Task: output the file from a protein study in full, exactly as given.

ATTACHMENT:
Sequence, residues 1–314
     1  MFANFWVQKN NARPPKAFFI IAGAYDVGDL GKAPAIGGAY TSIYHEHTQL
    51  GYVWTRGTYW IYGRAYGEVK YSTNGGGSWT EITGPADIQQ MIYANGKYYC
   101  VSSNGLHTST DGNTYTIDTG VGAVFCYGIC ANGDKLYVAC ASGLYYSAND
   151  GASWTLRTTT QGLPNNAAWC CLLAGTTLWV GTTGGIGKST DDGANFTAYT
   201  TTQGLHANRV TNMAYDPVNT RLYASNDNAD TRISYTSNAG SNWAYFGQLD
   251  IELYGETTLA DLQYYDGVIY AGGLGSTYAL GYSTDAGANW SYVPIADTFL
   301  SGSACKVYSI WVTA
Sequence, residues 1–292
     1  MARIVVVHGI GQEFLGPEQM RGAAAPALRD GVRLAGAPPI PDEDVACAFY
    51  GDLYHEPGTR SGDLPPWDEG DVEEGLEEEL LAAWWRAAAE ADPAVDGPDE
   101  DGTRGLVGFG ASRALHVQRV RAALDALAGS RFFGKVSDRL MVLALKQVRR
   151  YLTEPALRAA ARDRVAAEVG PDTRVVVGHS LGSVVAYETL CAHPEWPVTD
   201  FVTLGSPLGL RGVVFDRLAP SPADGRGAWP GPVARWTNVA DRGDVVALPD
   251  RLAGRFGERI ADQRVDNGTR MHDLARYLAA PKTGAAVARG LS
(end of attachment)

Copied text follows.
Sequence, residues 1–314
     1  MFANFWVQKN NARPPKAFFI IAGAYDVGDL GKAPAIGGAY TSIYHEHTQL
    51  GYVWTRGTYW IYGRAYGEVK YSTNGGGSWT EITGPADIQQ MIYANGKYYC
   101  VSSNGLHTST DGNTYTIDTG VGAVFCYGIC ANGDKLYVAC ASGLYYSAND
   151  GASWTLRTTT QGLPNNAAWC CLLAGTTLWV GTTGGIGKST DDGANFTAYT
   201  TTQGLHANRV TNMAYDPVNT RLYASNDNAD TRISYTSNAG SNWAYFGQLD
   251  IELYGETTLA DLQYYDGVIY AGGLGSTYAL GYSTDAGANW SYVPIADTFL
   301  SGSACKVYSI WVTA
Sequence, residues 1–292
     1  MARIVVVHGI GQEFLGPEQM RGAAAPALRD GVRLAGAPPI PDEDVACAFY
    51  GDLYHEPGTR SGDLPPWDEG DVEEGLEEEL LAAWWRAAAE ADPAVDGPDE
   101  DGTRGLVGFG ASRALHVQRV RAALDALAGS RFFGKVSDRL MVLALKQVRR
   151  YLTEPALRAA ARDRVAAEVG PDTRVVVGHS LGSVVAYETL CAHPEWPVTD
   201  FVTLGSPLGL RGVVFDRLAP SPADGRGAWP GPVARWTNVA DRGDVVALPD
   251  RLAGRFGERI ADQRVDNGTR MHDLARYLAA PKTGAAVARG LS